Gear and food:

RMI had laid out the equipment for the climb very clearly and I kept checking off the list every now and then mainly from REI. I bought majority of the gear and rented the rest. I didn’t want to compromise on anything this time. I kept trying out the gear in my hikes and got comfortable using them. Packed food included dry fruits(raisin, pista and almonds), chocolates(snickers), energy bars(Cliff) and sandwich(packed this on 2nd  night).

Travel and stay:

Fortunately,  Balaji (a fellow climber) contacted me for the carpool and I traveled with him for the entire course. The expedition consisted of the climb only on the final 2 days. So we booked for stay at Rainier Valley Inn at Ashford which is a mile away from RMI office. RMI had arranged the shuttle to and fro Paradise for the mountain days.

Day 1 : (Orientation and Gear Check)

    I was ready by the time Balaji came to my place for the pick-up at 9:00 AM on 2nd of July. There were two others in the car and all four of us were pretty excited. We reached the RMI office(called as Basecamp), Ashford by noon and went to pick our rental stuff. They had almost every gear available and most of them were in pretty good condition which impressed me.  I had very few things to collect and was done pretty soon. The orientation would start at 3 PM and we had around 2.5 hours to kill during which we had lunch (salmon burger) and watched a football game. Germany was playing against Italy for the Euro Cup and the match went all the way till penalty shoot outs which ended just before 3 PM.

    We were handed out a envelope and a buff from the RMI team and then we met Geoff, our lead guide. First, we were given a short presentation on the expedition in a room which was lined with prayer flags. Geoff was a funny guy and it was a neat presentation which showcased some amazing pics. We were given a high level information on the route, timings, etc. Geoff sounded quite confident about the forecast and that lifted my spirits.  Our team consisted of 9 climbers with people from five states and 3 guides from RMI. I thought 3:1 guide ratio was pretty good. After the presentation it was time for gear check and we all met outside on the grass. I laid out my gear and was so happy with my collection.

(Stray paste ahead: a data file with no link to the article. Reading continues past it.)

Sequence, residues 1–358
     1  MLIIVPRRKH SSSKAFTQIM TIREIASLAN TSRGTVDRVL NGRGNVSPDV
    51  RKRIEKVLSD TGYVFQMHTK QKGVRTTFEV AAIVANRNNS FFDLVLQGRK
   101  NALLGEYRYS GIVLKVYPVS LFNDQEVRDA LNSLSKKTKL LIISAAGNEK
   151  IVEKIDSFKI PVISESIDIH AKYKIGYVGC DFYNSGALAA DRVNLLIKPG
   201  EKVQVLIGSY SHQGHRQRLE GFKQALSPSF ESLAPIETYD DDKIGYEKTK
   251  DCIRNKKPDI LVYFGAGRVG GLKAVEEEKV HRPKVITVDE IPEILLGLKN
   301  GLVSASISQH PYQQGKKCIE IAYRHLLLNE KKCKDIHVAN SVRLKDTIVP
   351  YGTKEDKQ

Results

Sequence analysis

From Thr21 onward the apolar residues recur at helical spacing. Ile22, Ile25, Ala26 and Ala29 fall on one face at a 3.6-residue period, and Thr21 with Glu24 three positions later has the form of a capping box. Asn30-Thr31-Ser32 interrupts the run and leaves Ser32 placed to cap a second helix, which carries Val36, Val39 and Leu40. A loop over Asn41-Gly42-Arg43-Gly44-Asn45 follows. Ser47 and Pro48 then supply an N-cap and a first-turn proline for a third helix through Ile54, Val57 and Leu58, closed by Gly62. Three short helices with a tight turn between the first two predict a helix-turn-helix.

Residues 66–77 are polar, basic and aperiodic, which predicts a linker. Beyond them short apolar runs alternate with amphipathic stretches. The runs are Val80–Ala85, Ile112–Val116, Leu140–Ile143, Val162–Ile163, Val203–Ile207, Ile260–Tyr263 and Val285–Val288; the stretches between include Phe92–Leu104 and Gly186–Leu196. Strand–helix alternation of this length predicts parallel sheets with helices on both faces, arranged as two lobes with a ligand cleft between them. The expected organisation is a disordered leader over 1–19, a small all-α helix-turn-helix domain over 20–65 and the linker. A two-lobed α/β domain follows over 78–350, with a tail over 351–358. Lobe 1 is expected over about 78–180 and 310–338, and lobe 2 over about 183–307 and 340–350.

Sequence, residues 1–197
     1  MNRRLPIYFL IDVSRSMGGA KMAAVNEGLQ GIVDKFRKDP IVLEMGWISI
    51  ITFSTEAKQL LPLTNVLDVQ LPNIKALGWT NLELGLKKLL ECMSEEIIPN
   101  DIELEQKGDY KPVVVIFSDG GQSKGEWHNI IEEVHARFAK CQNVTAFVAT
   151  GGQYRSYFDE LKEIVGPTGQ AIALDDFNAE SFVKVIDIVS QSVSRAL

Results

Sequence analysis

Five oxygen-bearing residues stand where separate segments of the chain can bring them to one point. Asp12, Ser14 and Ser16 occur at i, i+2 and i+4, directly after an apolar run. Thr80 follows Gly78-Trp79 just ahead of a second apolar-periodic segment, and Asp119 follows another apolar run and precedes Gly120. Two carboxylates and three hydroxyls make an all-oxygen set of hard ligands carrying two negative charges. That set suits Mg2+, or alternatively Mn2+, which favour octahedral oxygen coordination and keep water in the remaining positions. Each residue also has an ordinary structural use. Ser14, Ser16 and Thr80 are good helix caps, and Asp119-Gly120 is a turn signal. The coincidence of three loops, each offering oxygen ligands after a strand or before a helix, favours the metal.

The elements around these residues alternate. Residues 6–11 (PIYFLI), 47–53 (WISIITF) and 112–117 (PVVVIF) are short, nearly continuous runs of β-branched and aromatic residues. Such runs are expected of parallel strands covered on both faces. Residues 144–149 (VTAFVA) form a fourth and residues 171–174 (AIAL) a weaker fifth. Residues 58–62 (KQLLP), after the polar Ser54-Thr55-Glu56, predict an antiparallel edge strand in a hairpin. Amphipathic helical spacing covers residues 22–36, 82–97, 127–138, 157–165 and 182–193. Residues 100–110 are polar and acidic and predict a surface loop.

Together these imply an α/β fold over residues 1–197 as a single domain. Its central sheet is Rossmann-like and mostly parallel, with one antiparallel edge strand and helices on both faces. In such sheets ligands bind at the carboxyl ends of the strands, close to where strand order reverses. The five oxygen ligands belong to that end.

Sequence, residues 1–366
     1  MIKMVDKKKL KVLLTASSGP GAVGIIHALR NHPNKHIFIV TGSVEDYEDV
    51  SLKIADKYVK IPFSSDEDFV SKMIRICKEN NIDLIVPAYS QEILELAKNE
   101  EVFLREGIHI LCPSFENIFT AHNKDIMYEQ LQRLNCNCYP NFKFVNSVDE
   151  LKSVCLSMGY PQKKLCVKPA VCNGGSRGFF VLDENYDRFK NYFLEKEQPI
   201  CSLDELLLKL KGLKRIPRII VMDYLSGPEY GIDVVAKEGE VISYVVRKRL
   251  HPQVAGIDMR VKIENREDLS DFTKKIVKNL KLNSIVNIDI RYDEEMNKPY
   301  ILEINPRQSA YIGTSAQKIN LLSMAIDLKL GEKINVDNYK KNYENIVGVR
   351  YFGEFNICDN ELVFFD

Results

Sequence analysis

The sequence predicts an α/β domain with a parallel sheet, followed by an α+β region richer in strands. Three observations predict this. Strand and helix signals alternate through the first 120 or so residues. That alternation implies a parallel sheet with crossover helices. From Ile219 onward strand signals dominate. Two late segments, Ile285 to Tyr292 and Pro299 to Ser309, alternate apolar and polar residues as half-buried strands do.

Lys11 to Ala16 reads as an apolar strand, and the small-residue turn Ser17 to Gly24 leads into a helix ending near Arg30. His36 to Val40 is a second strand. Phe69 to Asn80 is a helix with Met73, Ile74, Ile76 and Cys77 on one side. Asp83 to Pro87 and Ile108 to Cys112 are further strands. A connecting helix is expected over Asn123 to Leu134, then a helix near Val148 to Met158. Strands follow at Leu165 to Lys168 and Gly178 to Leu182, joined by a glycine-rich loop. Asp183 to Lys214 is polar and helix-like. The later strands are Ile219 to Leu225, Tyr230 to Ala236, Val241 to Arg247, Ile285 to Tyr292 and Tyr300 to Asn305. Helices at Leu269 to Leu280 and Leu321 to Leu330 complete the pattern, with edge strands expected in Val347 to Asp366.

Geoff started checking all the important gear required for the climb and recommended stuff whenever people had missed anything. It was interesting to see variety of gear people had got, especially the shoes. Some of us had single boots and due to the chilly forecast, Geoff suggested to rent double boots. I had bought a new mountaineering boots(single boot) which I had used for the Camp Muir hike earlier and intended to use that itself but I would eventually not. After the gear check, we had dinner and Balaji and I checked into Rainier Valley Inn. The stay was comfortable throughout and I had good sleep on both the nights.

Day 2 (Basic mountaineering class):

    After having a sumptuous breakfast we left for the basecamp where we got in the shuttle to reach Paradise (the place itself is called Paradise). One of the first things mentioned my Geoff was that he was a bit concerned about the weather since the forecast said increased wind speeds (45 mph) and freezing levels had dropped to 8500ft. So he strongly recommended double boots and I was in a kind of dilemma. It was a cloudy day and we couldn’t see any surrounding mountains. It was nowhere close to the view I had on my previous time at Paradise. We started walking east for around a mile till we found ample snow for our basic mountaineering lesson.